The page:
Author Interview - Stephanie Barron
Author I draw inspiration from: Jane Austen. There's a reason her words have endured two hundred years after her death--she is the most formidable guide to human motivation since Shakespeare, and has yet to be supplanted by her heirs, in my opinion.
Favorite place to read a book: By the fire. With a glass of wine. And a compliant dog.
Book character I’d like to be stuck in an elevator with: James Bond. He'd get us out.
The moment I knew I wanted to become an author: I have been a writer since childhood, but becoming an author is a different thing entirely. I became an author when I was twenty-nine, and working as an intelligence officer at the CIA, because I envisioned an alternative life and committed myself to chasing it. On a dare from my husband, I sat down and outlined my first novel. Then I sat down and wrote it, in the evenings after work. When I had completed a first draft, I found an agent. And he found a publisher. It was a remarkably linear process, which I recognize is unusual--but it began with commitment.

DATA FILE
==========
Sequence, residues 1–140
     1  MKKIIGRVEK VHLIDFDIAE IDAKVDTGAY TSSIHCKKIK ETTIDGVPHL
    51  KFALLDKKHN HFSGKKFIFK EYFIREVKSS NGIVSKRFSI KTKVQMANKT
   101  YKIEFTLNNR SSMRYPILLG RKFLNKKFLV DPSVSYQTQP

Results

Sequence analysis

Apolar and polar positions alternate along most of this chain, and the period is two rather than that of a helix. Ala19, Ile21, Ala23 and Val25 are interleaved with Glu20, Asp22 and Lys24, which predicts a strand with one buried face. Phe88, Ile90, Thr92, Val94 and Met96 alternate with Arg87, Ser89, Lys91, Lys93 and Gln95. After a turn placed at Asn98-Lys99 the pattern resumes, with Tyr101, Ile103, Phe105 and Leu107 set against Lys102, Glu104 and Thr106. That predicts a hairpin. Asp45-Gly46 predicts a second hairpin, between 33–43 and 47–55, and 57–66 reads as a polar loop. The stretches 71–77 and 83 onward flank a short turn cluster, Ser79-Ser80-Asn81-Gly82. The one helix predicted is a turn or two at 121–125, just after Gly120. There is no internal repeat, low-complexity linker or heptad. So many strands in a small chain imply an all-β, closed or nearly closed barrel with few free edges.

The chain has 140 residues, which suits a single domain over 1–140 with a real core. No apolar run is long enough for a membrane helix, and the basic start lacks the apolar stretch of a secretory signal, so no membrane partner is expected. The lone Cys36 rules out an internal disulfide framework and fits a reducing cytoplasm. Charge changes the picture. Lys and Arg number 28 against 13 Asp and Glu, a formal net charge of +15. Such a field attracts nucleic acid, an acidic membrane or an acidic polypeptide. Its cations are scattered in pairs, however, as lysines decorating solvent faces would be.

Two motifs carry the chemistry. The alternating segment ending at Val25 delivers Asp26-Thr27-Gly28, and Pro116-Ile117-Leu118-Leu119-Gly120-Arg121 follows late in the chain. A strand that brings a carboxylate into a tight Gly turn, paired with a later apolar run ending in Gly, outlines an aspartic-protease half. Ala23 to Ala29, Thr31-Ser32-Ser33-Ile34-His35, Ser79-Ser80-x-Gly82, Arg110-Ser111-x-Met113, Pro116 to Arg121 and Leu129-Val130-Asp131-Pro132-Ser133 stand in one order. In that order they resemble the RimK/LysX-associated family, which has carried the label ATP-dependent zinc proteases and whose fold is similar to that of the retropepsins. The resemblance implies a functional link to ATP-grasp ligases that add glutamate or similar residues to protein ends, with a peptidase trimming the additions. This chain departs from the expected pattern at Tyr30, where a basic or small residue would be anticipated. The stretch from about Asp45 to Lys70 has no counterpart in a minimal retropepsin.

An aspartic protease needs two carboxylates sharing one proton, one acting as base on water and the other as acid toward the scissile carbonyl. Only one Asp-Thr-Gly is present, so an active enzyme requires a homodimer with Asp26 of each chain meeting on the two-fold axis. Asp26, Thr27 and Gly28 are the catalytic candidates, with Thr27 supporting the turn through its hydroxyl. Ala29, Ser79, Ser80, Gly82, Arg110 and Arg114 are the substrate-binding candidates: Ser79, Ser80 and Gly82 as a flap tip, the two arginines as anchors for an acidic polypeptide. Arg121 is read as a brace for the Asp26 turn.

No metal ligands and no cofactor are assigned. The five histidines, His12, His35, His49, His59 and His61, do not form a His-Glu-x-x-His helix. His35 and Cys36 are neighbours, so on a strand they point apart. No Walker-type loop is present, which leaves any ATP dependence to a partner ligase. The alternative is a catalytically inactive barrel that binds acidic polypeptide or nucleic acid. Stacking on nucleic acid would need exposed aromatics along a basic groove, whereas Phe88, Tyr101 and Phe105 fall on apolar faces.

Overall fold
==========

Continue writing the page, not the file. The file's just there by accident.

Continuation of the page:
Hardback, paperback, ebook or audiobook: All of them. All the time.
The last book I read: An advance copy of Lauren Willig's THE SUMMER COUNTRY, due out May 2019. It's utterly compelling.
Pen & paper or computer: Computer. I have to see my words in print to hear them sing.
Book character I think I’d be best friends with: Lord Peter Wimsey
If I wasn’t (an author) a writer, I’d be a(n): Unhappy person, impossible to live with.
Favorite decade in fashion history: 1910-1920. Edwardian dresses are so exquisite, and hats were still possible.
Place I’d most like to travel: Istanbul. I am dying to pass through The Dardanelles.
My signature drink: Pinot Noir
Favorite artist: John Singer Sargent. And not just because he sketched Jennie Churchill's immortal face. I would love him for his painting "El Jaleo" alone. It's in the Isabella Stewart Gardner museum in Boston.
Number one on my bucket list: Learning to fly. I'm hoping if I understand the mechanics, I'll be less terrified of falling from the sky.